As you read through this today, did your heart remember a debt that you are owed?  Are you willing to not take it into account…will you forgive that debt and pay it yourself?

 

Wednesday, May 11, 2016

Praying for results


James 5:16 says The effectual fervent prayer of a righteous man availeth much.

The King James version is so rich.  It’s an oft quoted verse that rolls off our tongue but do we really grasp what I it means?  Let’s unpack it…

“Effectual” – this means “effective”.  Well, duh, of course we want effective prayers!  The question is – how to do that?  How can we pray effectively?   How do we pray so that He will answer with “yes”?  How do we pray “according to His will”?

We pray His Word!  His Word is His Will!  So when we pray His Word, we can know He says Yes!  How do we do that?  We will see in just a second.  Let’s unpack the rest of the verse first…

“Prayer of a righteous man(woman)” – you might think, there’s the catch, I’m not righteous enough! Thankfully, the effectiveness and the much availing of our prayers does not depend on our righteousness!  If we are in Christ, then His righteousness is counted as ours.  Hallelujah!  Our fellowship with the Father can be affected by our sin (Psalm 66:18) but  our right standing before Him – and His hearing of our prayers – is not based on our ability to be righteous.

“Availeth much” – brings about great and mighty work! The work of our powerful and loving Heavenly Father.  Working good in the lives of people.  Granting good gifts.  Changing the hearts of those in authority.  Bringing light into darkness.  Guidance and direction for us to follow. Provision for our lack. Yes, that is the “much” we desire!

All this is the work of God.  What is our part?

“Fervent”.  Showing great intensity and perseverance.  That is our part.  Persistent praying.  Faithful faith. Deep desire.  Although even this is possible because God grants us His grace, this is where we have a part in seeing our prayers answered.  God is looking for women who are willing to pray (Ezekiel 22:30) so that He might answer.  He wants women who will not give up but will persevere in praying.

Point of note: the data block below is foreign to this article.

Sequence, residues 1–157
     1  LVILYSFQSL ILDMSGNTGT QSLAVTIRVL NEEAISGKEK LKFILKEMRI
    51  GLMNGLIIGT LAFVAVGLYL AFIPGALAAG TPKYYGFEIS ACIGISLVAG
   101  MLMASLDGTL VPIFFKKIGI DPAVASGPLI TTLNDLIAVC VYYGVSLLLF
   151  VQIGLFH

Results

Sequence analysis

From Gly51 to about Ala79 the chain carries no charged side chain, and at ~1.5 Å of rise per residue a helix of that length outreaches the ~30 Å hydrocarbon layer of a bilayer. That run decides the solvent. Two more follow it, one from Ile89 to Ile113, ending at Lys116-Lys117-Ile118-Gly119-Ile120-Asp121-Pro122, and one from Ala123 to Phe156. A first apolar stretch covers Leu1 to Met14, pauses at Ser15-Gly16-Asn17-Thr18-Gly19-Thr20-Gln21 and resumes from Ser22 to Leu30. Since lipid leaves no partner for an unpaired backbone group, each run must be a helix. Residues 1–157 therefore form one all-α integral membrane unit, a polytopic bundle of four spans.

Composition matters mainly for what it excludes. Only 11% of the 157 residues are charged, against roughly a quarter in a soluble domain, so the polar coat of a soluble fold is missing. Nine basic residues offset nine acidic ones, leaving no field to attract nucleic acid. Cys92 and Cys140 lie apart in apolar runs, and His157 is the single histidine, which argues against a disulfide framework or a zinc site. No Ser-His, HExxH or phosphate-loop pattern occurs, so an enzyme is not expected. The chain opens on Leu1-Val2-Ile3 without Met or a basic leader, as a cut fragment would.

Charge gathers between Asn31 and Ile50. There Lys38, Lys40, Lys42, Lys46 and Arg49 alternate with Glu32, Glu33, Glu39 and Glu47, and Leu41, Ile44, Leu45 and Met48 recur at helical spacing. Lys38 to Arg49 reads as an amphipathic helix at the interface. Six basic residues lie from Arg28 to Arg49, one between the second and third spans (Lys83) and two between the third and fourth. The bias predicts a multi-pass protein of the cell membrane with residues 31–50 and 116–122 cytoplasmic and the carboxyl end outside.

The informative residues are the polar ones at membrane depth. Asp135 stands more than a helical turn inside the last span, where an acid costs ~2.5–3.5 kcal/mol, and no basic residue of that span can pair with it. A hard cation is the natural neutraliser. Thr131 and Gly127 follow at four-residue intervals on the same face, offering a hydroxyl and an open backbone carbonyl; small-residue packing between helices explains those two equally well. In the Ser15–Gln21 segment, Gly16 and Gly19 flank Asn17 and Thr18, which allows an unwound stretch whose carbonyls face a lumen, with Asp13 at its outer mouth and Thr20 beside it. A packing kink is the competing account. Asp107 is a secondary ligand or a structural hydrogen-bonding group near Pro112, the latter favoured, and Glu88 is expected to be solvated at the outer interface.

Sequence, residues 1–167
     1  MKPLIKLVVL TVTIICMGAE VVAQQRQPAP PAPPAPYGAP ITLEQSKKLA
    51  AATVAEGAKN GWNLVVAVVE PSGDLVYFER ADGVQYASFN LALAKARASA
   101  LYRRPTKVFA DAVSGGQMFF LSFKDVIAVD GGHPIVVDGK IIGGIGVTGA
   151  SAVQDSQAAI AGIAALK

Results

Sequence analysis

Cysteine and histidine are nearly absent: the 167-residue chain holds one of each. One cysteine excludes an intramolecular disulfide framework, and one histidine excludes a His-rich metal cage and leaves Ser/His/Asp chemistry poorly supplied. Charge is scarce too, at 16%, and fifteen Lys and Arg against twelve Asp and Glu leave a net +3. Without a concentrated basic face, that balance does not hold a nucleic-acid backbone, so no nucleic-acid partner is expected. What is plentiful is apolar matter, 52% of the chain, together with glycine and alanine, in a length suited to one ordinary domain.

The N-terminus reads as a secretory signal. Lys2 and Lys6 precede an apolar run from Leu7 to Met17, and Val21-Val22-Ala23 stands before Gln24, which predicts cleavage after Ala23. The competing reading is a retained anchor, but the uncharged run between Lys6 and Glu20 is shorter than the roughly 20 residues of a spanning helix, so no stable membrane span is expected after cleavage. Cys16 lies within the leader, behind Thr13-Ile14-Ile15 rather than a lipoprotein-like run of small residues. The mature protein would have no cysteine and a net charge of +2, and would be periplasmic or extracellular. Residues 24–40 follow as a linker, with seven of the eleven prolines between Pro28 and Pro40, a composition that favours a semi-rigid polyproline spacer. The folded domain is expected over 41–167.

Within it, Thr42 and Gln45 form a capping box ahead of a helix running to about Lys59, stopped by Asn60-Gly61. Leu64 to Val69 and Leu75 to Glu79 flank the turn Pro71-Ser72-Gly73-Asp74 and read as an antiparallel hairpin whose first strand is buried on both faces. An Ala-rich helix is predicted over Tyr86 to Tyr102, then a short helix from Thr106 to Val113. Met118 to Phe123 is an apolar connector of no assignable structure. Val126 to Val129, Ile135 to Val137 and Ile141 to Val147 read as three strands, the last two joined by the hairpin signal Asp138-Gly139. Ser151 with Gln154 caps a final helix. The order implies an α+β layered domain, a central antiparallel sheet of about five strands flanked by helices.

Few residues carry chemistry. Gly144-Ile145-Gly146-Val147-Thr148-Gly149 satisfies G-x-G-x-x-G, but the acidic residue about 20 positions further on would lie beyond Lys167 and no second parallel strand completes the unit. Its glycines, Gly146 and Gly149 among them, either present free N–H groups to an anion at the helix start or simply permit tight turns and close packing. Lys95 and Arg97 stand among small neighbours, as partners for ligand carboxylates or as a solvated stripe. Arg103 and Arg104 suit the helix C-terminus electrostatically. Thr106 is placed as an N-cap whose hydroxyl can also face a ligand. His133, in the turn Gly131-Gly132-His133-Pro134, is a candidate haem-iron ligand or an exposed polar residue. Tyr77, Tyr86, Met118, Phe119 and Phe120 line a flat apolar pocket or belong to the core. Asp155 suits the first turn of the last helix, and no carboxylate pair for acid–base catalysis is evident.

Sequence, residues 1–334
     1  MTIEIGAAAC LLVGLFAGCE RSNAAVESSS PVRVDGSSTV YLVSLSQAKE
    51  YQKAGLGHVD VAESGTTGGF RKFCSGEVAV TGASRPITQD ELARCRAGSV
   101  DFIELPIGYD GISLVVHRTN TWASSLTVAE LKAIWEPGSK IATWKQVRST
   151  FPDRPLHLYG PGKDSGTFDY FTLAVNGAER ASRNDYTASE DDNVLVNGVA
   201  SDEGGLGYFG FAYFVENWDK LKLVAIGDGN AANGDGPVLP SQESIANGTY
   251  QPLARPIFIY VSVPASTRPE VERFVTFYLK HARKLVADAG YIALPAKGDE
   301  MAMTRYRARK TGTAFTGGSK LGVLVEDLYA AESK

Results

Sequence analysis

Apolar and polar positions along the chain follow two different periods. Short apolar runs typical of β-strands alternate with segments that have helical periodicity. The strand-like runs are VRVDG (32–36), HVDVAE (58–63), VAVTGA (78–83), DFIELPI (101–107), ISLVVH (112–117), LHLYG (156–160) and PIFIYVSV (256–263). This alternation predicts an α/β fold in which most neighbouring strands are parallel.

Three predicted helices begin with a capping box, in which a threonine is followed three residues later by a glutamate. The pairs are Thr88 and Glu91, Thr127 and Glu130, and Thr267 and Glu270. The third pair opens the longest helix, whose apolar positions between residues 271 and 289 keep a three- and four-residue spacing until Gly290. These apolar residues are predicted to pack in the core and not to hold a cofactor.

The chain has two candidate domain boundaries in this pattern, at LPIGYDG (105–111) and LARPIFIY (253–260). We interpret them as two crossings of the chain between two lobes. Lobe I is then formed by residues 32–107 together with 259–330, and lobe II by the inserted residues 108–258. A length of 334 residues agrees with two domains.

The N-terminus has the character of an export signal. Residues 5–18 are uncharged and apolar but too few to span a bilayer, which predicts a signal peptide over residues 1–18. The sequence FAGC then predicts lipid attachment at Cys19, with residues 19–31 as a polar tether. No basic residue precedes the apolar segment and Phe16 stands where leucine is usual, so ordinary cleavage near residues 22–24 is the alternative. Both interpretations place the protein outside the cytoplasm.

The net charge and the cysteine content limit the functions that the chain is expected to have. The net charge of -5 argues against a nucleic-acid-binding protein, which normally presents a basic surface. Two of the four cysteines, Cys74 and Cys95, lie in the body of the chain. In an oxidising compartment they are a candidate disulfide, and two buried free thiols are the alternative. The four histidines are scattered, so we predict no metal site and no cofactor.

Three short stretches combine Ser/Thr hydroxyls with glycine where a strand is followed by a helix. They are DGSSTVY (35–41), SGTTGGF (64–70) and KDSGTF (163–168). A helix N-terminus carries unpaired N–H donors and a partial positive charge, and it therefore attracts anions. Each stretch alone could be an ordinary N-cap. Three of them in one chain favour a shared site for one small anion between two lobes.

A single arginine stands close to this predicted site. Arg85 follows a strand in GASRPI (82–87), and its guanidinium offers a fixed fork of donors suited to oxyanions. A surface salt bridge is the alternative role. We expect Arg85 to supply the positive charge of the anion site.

Will you be one?

Here are some effectual prayers we righteous women can pray fervently…and watch Him avail much!

For joy (Philippians 3:1) 
For no bitterness (Hebrews 12:15)  
For Godly friends (Proverbs 13:20)     
 For diligence (Romans 12:11)      
 To not be critical (Romans 14:13) 
 To have a servant’s heart (Philippians 2:3)

 

Wednesday, May 4, 2016

Love is not...prickly!


Love is patient, love is kind and is not jealous; love does not brag and is not arrogant, does not act unbecomingly; it does not seek its own, is not provoked, does not take into account a wrong suffered, does not rejoice in unrighteousness, but rejoices with the truth; bears all things, believes all things, hopes all things, endures all things  I Corinthians 13:4-7
 Some versions say “love is not irritable or resentful”.  While that is true and accurate, I like this one that says “love is not provoked”. As my husband says, "love is not prickly!" What a great concept!
A wise friend of mine shared with me that he and his wife pray to “not be offended”.  That gave me so much to ponder – I had not ever thought to pray that before, but what a wonderful thing to do!  LOVE is not easily offended, does not get provoked, does not become irritable or resentful.  Let’s unpack it further…
The Greek word that we translate as “provoked” or “irritable” or “offended” is paroxuno. It is defined as “sharpness of spirit, to be irritated or incensed”.  From this we see that love cannot be sharpened to react towards others with an irritation of spirit.  In other words, love would never say “She makes me so mad!” or “He annoys me!”.  A characteristic of love is to be good-natured and peaceful, even when being mistreated.  No spewing of temper, no outburst of exasperation, no hyper-sensitivity, no taking offense, no resentment,  no temper tantrum…regardless of the action of others.
When we are controlled by the Spirit, we will not be quick to take offense, to be “prickly”.  Instead, the disruptions and disappointments and disturbances of life are met with a confidence that God is always at work, causing all things to work together for His glory and for the good of those who love Him.  This assurance enables us to meet all circumstances (and all peoples) with a sweetness of temper, a gentleness of attitude, and a genuinely optimistic outlook.
Love.  It is not easily provoked.  It does not anger easily nor react with irritability nor take offense.  Let’s ask the Lord to produce that maturity of love within us as well.